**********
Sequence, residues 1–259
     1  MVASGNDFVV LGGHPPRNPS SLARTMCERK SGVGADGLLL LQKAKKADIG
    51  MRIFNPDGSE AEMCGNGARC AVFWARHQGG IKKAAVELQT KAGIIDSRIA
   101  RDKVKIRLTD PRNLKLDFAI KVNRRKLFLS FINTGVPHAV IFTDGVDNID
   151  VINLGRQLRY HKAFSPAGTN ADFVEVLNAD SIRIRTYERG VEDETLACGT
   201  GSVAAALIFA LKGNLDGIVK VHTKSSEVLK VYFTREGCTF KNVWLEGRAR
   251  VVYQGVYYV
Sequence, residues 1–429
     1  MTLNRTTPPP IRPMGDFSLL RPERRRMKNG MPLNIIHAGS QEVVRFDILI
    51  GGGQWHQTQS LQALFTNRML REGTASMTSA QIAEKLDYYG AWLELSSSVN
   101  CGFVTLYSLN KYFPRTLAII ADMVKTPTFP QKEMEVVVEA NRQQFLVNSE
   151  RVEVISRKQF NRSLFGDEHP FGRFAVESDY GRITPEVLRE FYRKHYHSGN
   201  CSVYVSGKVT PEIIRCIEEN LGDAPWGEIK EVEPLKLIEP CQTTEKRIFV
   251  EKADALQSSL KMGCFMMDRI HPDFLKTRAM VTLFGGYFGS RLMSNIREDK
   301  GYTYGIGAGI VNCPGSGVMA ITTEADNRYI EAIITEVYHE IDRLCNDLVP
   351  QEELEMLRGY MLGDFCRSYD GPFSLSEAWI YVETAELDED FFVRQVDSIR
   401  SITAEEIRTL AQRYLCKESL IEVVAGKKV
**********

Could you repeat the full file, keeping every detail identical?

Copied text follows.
Sequence, residues 1–259
     1  MVASGNDFVV LGGHPPRNPS SLARTMCERK SGVGADGLLL LQKAKKADIG
    51  MRIFNPDGSE AEMCGNGARC AVFWARHQGG IKKAAVELQT KAGIIDSRIA
   101  RDKVKIRLTD PRNLKLDFAI KVNRRKLFLS FINTGVPHAV IFTDGVDNID
   151  VINLGRQLRY HKAFSPAGTN ADFVEVLNAD SIRIRTYERG VEDETLACGT
   201  GSVAAALIFA LKGNLDGIVK VHTKSSEVLK VYFTREGCTF KNVWLEGRAR
   251  VVYQGVYYV
Sequence, residues 1–429
     1  MTLNRTTPPP IRPMGDFSLL RPERRRMKNG MPLNIIHAGS QEVVRFDILI
    51  GGGQWHQTQS LQALFTNRML REGTASMTSA QIAEKLDYYG AWLELSSSVN
   101  CGFVTLYSLN KYFPRTLAII ADMVKTPTFP QKEMEVVVEA NRQQFLVNSE
   151  RVEVISRKQF NRSLFGDEHP FGRFAVESDY GRITPEVLRE FYRKHYHSGN
   201  CSVYVSGKVT PEIIRCIEEN LGDAPWGEIK EVEPLKLIEP CQTTEKRIFV
   251  EKADALQSSL KMGCFMMDRI HPDFLKTRAM VTLFGGYFGS RLMSNIREDK
   301  GYTYGIGAGI VNCPGSGVMA ITTEADNRYI EAIITEVYHE IDRLCNDLVP
   351  QEELEMLRGY MLGDFCRSYD GPFSLSEAWI YVETAELDED FFVRQVDSIR
   401  SITAEEIRTL AQRYLCKESL IEVVAGKKV